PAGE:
PID Event TimeStamp 1234 Login 10:00 5678 Login 10:20 1234 Logout 11:30 5678 Logout 11:40
The trick here is to match up each login with its logout. Again, a scalar subquery in the SELECT clause comes to the rescue. But first, let's create and populate our table (note: this is Oracle flavored SQL):
create table ConnectionLog ( PID number(4), Event varchar(6), Logged date ); insert into ConnectionLog values (1234, 'Login', to_date('12-MAR-2002 10:00','DD-MON-YYYY HH24:MI')); insert into ConnectionLog values (5678, 'Login', to_date('12-MAR-2002 10:20','DD-MON-YYYY HH24:MI')); insert into ConnectionLog values (1234, 'Logout', to_date('12-MAR-2002 11:30','DD-MON-YYYY HH24:MI')); insert into ConnectionLog values (5678, 'Logout', to_date('12-MAR-2002 11:40','DD-MON-YYYY HH24:MI'));Our scalar subquery will return the earliest logout that occurs after the login for each PID. Subtract the login from the logout and we have the duration. Here's the SQL:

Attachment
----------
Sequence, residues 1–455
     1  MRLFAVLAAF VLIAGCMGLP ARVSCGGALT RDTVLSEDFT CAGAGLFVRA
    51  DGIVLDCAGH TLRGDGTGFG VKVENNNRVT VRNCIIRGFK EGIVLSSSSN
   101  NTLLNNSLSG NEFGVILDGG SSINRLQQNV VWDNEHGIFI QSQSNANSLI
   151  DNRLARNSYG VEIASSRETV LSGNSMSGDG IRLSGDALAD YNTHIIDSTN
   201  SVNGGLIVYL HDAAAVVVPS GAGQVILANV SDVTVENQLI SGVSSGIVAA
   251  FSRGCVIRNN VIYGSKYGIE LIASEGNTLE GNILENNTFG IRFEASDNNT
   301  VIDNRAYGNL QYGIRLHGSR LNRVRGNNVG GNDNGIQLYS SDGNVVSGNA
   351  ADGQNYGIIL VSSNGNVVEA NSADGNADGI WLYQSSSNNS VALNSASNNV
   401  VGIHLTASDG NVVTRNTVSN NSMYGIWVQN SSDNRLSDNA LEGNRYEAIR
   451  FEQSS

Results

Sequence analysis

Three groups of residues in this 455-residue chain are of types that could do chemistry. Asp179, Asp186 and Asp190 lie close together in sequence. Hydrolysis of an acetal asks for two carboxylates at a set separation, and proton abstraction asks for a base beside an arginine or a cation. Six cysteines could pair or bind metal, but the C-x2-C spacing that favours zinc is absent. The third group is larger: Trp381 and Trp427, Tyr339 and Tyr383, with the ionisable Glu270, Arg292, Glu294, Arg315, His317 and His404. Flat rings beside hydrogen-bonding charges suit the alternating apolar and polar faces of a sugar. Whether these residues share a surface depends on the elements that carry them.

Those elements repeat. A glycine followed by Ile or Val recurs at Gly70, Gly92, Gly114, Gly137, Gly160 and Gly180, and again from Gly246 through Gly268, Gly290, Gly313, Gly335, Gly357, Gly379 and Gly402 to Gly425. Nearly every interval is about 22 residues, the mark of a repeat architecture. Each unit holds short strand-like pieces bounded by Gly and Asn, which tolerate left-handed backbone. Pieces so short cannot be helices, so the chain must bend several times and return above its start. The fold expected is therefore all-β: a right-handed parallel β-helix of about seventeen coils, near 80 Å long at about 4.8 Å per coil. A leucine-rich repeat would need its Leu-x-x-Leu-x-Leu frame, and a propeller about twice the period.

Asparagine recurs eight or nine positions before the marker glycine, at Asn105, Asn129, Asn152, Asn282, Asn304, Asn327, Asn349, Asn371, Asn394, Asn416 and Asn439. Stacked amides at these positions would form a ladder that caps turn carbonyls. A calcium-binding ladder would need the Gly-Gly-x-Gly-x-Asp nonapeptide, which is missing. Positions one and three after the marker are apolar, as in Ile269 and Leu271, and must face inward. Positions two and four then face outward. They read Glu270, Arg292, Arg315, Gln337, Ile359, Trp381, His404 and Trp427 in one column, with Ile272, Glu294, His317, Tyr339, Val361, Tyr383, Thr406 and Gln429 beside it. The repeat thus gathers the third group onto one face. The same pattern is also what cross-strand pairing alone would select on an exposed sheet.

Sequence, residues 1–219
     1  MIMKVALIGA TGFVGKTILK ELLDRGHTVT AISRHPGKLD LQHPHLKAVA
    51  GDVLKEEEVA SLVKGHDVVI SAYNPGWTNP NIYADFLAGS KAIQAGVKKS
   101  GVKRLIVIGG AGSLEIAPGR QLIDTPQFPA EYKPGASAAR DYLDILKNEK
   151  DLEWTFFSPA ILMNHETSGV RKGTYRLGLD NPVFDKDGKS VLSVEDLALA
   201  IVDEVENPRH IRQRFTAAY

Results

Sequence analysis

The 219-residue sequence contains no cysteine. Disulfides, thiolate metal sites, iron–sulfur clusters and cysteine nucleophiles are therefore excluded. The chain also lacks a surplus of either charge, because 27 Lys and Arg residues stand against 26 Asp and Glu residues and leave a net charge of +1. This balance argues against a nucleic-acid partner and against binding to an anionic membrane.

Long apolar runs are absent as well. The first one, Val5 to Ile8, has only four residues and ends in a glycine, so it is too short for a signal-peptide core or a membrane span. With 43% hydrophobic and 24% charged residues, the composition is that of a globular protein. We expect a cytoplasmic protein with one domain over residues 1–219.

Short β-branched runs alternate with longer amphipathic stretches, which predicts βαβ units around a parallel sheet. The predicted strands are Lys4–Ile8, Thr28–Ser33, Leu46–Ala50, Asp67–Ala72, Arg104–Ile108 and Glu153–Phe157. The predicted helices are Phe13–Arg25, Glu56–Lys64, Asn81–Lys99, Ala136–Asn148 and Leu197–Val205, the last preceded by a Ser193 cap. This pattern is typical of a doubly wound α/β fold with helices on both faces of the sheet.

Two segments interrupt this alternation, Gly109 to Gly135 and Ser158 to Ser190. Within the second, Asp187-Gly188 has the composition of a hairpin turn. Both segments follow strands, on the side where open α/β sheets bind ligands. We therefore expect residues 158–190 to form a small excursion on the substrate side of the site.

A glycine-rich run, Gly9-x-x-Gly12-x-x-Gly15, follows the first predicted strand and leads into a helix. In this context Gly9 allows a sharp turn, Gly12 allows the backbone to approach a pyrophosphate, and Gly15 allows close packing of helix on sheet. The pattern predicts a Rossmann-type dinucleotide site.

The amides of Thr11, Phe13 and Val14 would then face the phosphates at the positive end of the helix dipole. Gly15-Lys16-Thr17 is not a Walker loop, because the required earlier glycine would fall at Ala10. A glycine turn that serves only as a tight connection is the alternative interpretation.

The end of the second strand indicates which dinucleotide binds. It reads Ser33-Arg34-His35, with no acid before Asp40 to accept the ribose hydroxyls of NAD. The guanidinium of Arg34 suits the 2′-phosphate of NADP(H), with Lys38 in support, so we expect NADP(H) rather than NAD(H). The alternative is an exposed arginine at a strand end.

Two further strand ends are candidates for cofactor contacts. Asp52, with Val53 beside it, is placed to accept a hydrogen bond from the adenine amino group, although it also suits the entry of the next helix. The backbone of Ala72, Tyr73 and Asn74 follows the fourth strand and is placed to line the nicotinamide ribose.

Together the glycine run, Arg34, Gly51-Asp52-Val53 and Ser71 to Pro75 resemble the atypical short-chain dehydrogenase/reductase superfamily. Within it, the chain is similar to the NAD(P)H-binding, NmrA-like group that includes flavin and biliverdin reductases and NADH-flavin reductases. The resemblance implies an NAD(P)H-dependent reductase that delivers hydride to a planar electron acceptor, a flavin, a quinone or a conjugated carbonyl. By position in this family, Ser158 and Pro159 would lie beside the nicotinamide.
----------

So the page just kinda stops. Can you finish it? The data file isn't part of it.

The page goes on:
select PID, ( ( select min(Logged) from ConnectionLog where PID = t.PID and Logged > t.Logged ) - Logged ) * 24 * 60 as DurationInMinutes from ConnectionLog t where Event = 'Login';Notice I didn't specify that Event must be 'Logout' in the subquery. This is by design. If the session doesn't logout before a subsequent login, the subquery will act as though there is an implicit logout. That is, the next event, whether it is a login or a logout, is treated as a logout for the purpose of the subquery. Here are the results of the query:
PID DURATIONINMINUTES ---- ----------------- 1234 90 5678 80
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This was first published in March 2002